If by chance we cannot get that, and there is any difficulty about it, then, I am afraid, we cannot agree to a Second Reading this evening. I hope that we can get an assurance on the lines which I have indicated, namely, that it will be made quite clear in the Committee stage that there is no intention to have such wide powers as would enable the Government to do the things to which I have referred.

8.51 p.m.

Mr. Gallacher

There is one question which I would like to put to the Minister concerning the penalty for a first offence of £100, and, for a continuance of an offence against the regulations, of £50 a day. Will any consideration be given, when the regulations are drawn up, to those organisations or people who have certain conscientious objections to registering? It would be undesirable to have a case running on at a cost of £50 a day, as we have had in connection with other matters.

8.52 p.m.

The Lord Advocate (Mr. G. R. Thomson)

With regard to the point raised by my right hon. Friend, I think that I can safely say that we do not want to make any innovation in the law. The situation has not changed since 1897, so far as the wording is concerned, and it is not our desire to utilise this new Bill to extend the scope of the 1897 Act. We are perfectly prepared to keep in view in the Committee stage that no advance is made on the position, as laid down.

Mr. J. S. C. Reid

Would the right hon. and learned Gentleman agree to this slight extension of what he has suggested: that he should make it clear, whatever the 1897 Act says—because there may be doubt about what it means—that he will now exclude from the powers under this Bill, the power to do the kind of thing to which I have referred?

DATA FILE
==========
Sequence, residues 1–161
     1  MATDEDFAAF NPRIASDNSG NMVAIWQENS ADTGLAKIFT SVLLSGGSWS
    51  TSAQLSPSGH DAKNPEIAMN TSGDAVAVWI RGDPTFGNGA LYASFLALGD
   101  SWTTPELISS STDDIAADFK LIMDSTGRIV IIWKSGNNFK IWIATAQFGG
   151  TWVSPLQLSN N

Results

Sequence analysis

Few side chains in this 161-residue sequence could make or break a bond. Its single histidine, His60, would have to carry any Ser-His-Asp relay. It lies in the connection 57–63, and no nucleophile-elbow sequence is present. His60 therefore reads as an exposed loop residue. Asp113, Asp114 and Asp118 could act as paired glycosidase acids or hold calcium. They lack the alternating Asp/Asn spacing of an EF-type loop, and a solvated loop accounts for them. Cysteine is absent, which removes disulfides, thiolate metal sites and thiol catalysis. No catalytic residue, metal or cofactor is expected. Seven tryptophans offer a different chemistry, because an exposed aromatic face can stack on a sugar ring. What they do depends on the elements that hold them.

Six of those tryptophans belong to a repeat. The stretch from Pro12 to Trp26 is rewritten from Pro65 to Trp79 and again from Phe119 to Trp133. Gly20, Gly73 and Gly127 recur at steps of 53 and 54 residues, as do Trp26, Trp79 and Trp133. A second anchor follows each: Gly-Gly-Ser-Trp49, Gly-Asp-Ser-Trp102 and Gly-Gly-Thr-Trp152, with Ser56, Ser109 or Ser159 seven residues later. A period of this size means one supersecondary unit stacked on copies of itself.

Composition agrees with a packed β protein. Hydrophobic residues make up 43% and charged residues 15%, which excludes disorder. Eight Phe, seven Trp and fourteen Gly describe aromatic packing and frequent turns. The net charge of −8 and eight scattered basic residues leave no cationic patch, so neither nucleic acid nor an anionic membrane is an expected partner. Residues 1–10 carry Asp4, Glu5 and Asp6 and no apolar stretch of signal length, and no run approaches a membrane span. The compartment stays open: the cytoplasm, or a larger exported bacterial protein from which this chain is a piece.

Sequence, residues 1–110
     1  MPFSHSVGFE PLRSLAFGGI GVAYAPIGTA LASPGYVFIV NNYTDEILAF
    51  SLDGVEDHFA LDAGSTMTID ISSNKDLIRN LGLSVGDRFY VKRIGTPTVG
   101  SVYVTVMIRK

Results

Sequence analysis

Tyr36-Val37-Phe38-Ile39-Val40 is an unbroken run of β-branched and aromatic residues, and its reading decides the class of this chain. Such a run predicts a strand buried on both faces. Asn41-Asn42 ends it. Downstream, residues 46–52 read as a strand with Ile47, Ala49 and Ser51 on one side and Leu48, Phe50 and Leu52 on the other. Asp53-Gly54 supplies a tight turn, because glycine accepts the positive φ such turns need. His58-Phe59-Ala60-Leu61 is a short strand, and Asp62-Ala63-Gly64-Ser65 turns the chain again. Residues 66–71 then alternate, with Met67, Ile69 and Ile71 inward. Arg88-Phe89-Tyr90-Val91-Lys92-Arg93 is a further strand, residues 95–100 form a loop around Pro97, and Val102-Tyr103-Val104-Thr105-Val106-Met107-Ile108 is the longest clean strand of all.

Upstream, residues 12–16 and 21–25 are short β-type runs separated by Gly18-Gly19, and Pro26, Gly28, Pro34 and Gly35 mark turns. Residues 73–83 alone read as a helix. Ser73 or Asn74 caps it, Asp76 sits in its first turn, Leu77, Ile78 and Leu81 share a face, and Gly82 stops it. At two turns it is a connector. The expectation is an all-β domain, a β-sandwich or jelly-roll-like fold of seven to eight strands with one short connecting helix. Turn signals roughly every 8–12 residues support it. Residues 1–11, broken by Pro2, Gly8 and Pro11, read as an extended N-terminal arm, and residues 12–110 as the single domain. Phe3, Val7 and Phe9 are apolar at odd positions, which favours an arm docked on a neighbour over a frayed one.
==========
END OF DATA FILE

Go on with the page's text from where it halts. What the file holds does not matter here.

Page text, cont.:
The Lord Advocate

It may be fairly difficult to limit the scope of this new Bill in such a way, especially when one keeps in view that the previous Act has been functioning successfully for nearly 50 years, without any of those fears being realised.

8.55 p.m.

Mr. McKinlay (Dumbartonshire)

Can we be sure that there is no alteration in the general law? I would like to know this for my own information Clause 1 (3) states: "Regulations made under this section shall specify the authorities, whether local authorities or port local authorities, by whom they are to be enforced and executed, and may also provide for their enforcement and execution by officers of customs and excise and officers and men employed in the coastguard: Provided that nothing in such regulations will authorise any such authority, officer, or person to institute proceedings for an offence against the regulations. Who is to institute the proceedings? Is that to be the sole prerogative of the Secretary of State? What is done under the Act of 1897? Do I take it that there is no question of giving additional duties under this short Bill. I would like an assurance from the Lord Advocate, on the enforcement of the Measure, as to who is the person authorised to take decision—the port medical officer, the local authority or the Secretary of State.

Mr. Buchanan